Precious text: Editorial on the potency of the Constitution
The Constitution, Rahul Gandhi pointed out recently while speaking at a book launch, should ideally be a “weapon” in the hands of the citizens of India. But — Mr Gandhi would agree — the potency of this weapon seems to have been blunted in the last few years. The Congress leader echoed the growing concern regarding the erosion of constitutional values in a nation that prides itself in being one of the world’s largest constitutional democracies. The orchestrated violence against India’s minorities — Muslims, Dalits, Christians, adivasis — and the subsequent strain on India’s social fabric are perhaps the most telling testaments to the enfeeblement of the spirit of the Constitution.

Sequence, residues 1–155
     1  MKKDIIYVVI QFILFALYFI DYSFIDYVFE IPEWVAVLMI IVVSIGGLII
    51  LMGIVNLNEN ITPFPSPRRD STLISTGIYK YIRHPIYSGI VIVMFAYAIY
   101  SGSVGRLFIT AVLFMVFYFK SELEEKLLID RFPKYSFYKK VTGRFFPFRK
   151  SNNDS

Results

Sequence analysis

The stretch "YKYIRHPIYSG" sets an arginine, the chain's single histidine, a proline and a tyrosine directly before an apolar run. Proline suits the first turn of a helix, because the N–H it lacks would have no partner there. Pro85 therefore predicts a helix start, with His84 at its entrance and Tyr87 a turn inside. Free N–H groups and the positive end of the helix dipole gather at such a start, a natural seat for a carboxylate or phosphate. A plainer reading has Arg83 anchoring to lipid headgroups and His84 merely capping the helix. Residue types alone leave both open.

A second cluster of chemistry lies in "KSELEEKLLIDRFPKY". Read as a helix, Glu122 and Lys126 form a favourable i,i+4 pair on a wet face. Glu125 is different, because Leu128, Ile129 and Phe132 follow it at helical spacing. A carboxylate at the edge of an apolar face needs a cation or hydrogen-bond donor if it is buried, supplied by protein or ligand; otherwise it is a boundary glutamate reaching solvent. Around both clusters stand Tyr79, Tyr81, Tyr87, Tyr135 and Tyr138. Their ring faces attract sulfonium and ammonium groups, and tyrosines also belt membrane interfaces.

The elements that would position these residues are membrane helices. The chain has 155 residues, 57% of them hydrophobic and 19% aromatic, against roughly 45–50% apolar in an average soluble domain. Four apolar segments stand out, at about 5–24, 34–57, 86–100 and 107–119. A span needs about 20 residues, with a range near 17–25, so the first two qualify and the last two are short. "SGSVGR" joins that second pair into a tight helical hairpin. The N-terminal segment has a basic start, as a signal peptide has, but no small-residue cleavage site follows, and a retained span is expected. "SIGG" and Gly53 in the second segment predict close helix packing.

Mr Gandhi’s argument can be taken forward further to make an additional point. There is a general perception that the principal manifestation of a constitutional crisis is the annulment of the Constitution itself. This need not be the only way of undermining a nation’s compact with the sacred document. Neutering the efficacy of key institutions — the vanguard of the Constitution — Mr Gandhi did refer to this threat, is often a surer, if subtler, way of weakening the republic’s moorings to its founding vision. There can be no denying the fact that the signs of institutional capitulation to an aggressive executive are there for all to see. A shadow has fallen over the commitment of the media, the administration and, allegedly, the edifice of justice to some of the key constitutional principles on a number of occasions. Mr Gandhi is of the view that this slide can be arrested if the people take upon themselves the responsibility of fighting the proverbial good fight. Such a prescription is evasive. This crucial battle cannot be left to the people alone: it is a shared obligation. India’s Opposition must lead the charge to renew the people’s faith in and dedication to the guiding text of values and statutes. The Congress, which likes to project itself as the most important cog in the Opposition’s wheel, must reflect on the reasons behind the discernible public endorsement of the surge in majoritarianism in a pluralist India. Its own political future depends on its ability to stop this regression. A renewal of the public charter in support of the Constitution would be the best way to ensure the longevity of India’s constitutional framework as well as its oldest party.